Workforce agencies all over the country can struggle with building and maintaining a strong, healthy workforce. There are many factors that affect the readiness of a workforce, from global demand to local training programs. In this article, we’re going to define three trends–using real-life examples–that can significantly impact a community, and explain how you can cope with them.
An Aging Workforce
What is the average age of your workforce? If almost a quarter of your workers are over the age of 55, like the Pittsburgh, PA region, then you’ll want to start planning for the future now. An aging workforce could result in labor shortages, since there may not be enough young workers to fill the job gaps of retired workers.
If you do have an aging workforce, then you’ll want to work with your region’s employers and training providers to fully understand the jobs and skills needed for your region’s future. Make sure these skills are versatile across industries, so that workers can transition into a variety of jobs more easily.
Take a close look at your talent pool to see if there’s any potential for an upcoming supply/demand issue. Learn more about best practices by watching this webinar: How to Use Labor Market Information for Regional Workforce Planning.
Local vs. Global Business
It’s important for a region to bring in outside dollars from the rest of the world, rather than just recycling money within the community. (Economists call this the difference between “traded” and “non-traded” industries). Take a look at your region’s businesses. Are they made up of mostly local, non-traded businesses such as retail stores and restaurants, or are they made up of global, traded industries such as agriculture and manufactured goods?
Cities like Birmingham, AL have used Burning Glass Technologies data to analyze their job market to see if they meet the national average percentage of employment in traded industries, which is 36%. The Birmingham region falls below the national average at 28.8%, meaning they are missing out on opportunities available in an interconnected world.
In order to expand your region’s amount of traded industries, you’ll want to make sure you have the workforce to back them up. Analyze your current talent pool to discover which businesses you can attract based on the skills your workforce has. For instance, if you discover that you have a large amount of software developers in your region, then you can create incentives to lure software companies, bringing in more outside dollars into your community.
For more ideas, and to see how the Birmingham region plans to build a stronger workforce, read Building (It) Together: A Framework for Aligning Education and Jobs in the Greater Birmingham Region.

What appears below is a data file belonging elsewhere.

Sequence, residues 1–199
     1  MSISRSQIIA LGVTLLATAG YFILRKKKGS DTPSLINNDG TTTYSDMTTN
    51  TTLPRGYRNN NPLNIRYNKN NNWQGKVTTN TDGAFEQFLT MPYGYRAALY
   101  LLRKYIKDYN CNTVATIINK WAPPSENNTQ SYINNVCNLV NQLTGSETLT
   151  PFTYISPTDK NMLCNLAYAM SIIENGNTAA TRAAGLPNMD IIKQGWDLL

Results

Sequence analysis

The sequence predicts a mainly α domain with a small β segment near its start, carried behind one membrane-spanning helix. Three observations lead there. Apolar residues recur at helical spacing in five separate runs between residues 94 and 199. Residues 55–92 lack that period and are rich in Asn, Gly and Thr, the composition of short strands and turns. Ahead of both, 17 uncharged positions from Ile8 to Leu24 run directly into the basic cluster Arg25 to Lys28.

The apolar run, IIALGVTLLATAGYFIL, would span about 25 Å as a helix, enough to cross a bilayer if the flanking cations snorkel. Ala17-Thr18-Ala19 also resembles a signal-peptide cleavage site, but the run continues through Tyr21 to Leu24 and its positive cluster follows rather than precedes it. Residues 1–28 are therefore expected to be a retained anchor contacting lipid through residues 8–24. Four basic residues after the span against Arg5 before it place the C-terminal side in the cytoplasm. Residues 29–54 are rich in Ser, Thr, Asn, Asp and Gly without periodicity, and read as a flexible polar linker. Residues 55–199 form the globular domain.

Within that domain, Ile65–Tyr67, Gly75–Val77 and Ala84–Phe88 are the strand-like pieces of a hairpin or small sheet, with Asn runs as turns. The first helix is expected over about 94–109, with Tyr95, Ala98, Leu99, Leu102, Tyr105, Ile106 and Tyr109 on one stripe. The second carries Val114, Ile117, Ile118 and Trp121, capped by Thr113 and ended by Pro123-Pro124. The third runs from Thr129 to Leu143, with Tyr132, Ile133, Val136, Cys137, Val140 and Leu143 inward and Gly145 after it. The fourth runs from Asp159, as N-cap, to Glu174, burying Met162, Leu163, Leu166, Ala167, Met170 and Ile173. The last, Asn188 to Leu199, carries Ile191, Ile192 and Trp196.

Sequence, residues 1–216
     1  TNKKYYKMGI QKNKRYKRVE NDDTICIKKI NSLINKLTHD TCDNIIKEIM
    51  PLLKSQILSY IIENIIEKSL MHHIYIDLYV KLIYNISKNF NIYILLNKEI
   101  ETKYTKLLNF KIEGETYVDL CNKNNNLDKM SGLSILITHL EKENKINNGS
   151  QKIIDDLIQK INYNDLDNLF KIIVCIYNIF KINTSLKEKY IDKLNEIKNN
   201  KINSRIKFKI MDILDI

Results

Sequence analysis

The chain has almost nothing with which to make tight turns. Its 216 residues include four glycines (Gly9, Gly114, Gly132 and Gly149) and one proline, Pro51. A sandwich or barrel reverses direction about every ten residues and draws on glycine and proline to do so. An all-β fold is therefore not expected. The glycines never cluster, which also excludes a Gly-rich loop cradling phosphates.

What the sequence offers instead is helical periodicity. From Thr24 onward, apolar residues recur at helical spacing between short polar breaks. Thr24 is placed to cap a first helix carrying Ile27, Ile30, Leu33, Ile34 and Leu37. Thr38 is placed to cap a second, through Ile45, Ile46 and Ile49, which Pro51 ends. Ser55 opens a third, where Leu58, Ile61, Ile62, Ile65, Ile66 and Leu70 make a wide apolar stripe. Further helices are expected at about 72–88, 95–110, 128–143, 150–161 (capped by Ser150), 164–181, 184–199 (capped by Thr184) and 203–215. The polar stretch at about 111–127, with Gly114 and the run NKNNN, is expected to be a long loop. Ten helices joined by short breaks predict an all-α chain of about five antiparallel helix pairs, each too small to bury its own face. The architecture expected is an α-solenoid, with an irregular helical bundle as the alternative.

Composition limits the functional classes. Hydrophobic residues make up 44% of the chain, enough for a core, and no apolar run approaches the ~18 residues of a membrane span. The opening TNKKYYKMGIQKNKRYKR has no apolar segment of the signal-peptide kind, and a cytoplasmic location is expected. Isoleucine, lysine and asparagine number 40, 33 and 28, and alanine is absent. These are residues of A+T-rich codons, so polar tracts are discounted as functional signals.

The Future of Work
Today’s jobs are rapidly evolving due to the explosive growth of technology. Artificial Intelligence (AI) is just one of the many advancements that is already making waves in today’s job market, from the emergence of self-checkout kiosks to the automation of banking jobs. So how will it impact jobs in your region?
To answer this question, you’ll want to dig into the current makeup of jobs in your region. How many of these jobs are at a high risk of automation, meaning they could be performed by technology in the next decade? Some of these high-risk occupations include retail salespersons, cashiers, fast food workers, and office clerks. And how many of these jobs are at low risk of automation, such as registered nurses, school teachers, operations managers, and computer systems analysts?
Our team recently worked with New America, a nonpartisan think tank, to conduct a first-of-its-kind analysis to better understand the broader impact of technology. Specifically, New America looked at the potential of how automation can impact jobs in the greater Phoenix region. Based on this analysis, New America found that workers in at-risk occupations need to continuously upskill to keep pace with the changing requirements of their occupation. Additionally, Burning Glass research has found low-skill workers have a variety of options to survive automation.
The best solution that we’ve seen work for many agencies is to form a coalition with community partners, from education professionals to business owners to government leaders. By bringing together local experts, you can all collaborate to create an action plan, and begin taking steps together to build a stronger workforce.
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